June 29, 2010
Media Release

York Region reminds residents to BBQ with food safety in mind

Follow these simple tips to avoid food-borne illness and grill safely this summer!
NEWMARKET – When outdoor temperatures rise, so do incidences of food-borne illness. The Regional Municipality of York Public Health Branch recommends the four simple steps of clean, separate, cook and chill to reduce the risk of food-borne illness and make your barbecue a safe event.
Clean: Wash hands and surfaces often and wash fruits and vegetables thoroughly
• Always wash hands with warm water and soap before and after handling food
• Wash and sanitize preparation areas including counter tops, utensils and any other items that come in contact with food using a mild bleach solution (e.g., 5 ml of household bleach per 1 litre of water) and rinse with clean water
• Wash all fresh fruits and vegetables thoroughly using cool, running tap water 
Separate: Do not cross-contaminate
• Keep packages of raw meat, poultry and seafood separate from other food at all times
• Never reuse marinade that has been used to marinate raw meat to baste cooked food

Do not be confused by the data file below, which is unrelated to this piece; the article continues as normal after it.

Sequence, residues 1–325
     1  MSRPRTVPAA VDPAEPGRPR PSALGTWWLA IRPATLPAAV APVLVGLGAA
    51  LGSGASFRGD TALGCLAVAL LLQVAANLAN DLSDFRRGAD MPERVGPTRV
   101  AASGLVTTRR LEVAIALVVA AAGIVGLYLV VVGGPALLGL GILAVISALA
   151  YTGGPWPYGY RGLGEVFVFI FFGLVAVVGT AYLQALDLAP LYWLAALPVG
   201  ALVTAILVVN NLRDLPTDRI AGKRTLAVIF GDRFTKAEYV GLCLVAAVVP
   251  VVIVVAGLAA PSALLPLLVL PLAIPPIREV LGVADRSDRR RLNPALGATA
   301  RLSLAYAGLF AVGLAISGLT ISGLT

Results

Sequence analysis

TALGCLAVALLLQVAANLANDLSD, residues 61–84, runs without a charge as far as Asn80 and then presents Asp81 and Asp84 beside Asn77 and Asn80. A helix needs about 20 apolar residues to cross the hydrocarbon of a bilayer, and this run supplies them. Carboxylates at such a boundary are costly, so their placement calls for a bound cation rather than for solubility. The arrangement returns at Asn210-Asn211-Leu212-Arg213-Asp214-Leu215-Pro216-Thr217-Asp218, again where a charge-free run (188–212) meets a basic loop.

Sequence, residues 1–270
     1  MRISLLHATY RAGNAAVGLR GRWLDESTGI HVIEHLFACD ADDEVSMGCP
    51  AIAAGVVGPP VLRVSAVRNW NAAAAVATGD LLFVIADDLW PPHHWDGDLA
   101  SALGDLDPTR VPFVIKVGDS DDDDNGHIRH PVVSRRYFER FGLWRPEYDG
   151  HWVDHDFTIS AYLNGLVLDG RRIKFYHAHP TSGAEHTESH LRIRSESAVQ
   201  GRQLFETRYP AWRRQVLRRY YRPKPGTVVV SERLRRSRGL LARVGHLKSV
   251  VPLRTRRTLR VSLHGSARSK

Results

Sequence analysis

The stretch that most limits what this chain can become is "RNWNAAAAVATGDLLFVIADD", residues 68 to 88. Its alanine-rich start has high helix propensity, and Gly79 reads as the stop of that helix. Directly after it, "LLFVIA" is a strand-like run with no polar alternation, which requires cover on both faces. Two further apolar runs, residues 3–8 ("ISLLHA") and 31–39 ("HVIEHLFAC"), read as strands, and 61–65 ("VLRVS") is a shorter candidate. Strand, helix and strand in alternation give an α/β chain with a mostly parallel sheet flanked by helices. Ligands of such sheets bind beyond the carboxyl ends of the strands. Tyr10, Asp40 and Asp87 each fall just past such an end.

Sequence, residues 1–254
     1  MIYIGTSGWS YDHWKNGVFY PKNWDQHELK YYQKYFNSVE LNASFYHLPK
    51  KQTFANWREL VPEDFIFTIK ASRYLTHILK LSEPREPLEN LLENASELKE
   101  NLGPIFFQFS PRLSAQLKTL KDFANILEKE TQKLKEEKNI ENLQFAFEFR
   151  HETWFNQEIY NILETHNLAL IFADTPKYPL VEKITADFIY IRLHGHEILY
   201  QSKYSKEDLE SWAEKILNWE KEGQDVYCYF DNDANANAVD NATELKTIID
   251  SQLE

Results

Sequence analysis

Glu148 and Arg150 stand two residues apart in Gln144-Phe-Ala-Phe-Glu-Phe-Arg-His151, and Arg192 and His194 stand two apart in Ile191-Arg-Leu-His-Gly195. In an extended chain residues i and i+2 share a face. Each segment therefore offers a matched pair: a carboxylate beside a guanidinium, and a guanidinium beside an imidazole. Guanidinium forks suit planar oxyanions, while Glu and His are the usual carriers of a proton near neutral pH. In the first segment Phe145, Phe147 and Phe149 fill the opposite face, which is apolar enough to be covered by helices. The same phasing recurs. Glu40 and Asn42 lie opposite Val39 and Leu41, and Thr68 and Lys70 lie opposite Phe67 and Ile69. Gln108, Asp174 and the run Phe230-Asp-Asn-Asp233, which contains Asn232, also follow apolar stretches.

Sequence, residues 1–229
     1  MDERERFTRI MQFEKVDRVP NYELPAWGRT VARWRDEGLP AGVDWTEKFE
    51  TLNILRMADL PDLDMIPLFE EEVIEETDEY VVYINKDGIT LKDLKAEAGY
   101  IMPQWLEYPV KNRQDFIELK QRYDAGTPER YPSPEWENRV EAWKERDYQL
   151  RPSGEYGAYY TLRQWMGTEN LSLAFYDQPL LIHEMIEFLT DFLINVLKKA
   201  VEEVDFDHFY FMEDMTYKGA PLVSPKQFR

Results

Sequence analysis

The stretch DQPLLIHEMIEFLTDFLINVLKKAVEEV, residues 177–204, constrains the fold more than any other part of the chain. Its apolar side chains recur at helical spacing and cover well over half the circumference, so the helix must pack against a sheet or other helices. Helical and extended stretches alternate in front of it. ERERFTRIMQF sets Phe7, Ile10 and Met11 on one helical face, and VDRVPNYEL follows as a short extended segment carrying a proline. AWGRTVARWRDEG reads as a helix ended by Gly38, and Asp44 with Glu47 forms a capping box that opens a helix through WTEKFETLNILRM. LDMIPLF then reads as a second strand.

• Place cooked food on a clean plate ??" never reuse plates or cutting boards that previously held raw food
Cook: Ensure food is cooked to a safe internal temperature
• Use a probe thermometer to check the internal temperature of food ??"  it is the only way to know if food has reached the proper final cooking temperature
• Hamburgers made of ground beef, pork or lamb should be cooked to an internal temperature of 71ºC (160ºF) or higher
• Burgers made of ground chicken or turkey and vegetable-based burgers should be cooked to an internal temperature of 74ºC (165ºF) or higher
• Whole poultry should be cooked to an internal temperature of 85ºC (185ºF)
Chill: Refrigerate food promptly
• Keep hot food at 60°C (140°F) or hotter, and keep cold food at 4°C (40°F) or colder
• Promptly refrigerate or freeze meat after purchase
• Never thaw meat at room temperature; thaw meat in the refrigerator, under cold running water, or in the microwave
• Food thawed in the microwave should be cooked immediately after being thawed
• Refrigerate leftover food as soon as possible and use within 48 hours
• Perishable food left out for more than two hours should be discarded
Common symptoms of food-borne illnesses include vomiting, diarrhea, nausea and fever.  Residents who believe they may be experiencing a food-borne illness should seek medical attention.
For more information on this or any other public health related program, please contact York Region Health Connection at 1-800-361-5653 or TTY 1-866-252-9933.
For more information on The Regional Municipality of York, please visit www.york.ca
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Media Contact: Jennifer Mitchell-Emmerson, Community and Health Services, York Region
Phone: 905 830-4444 Ext. 4016 / Cell: 905 716-9753
Email: jennifer.mitchellemmerson@york.ca

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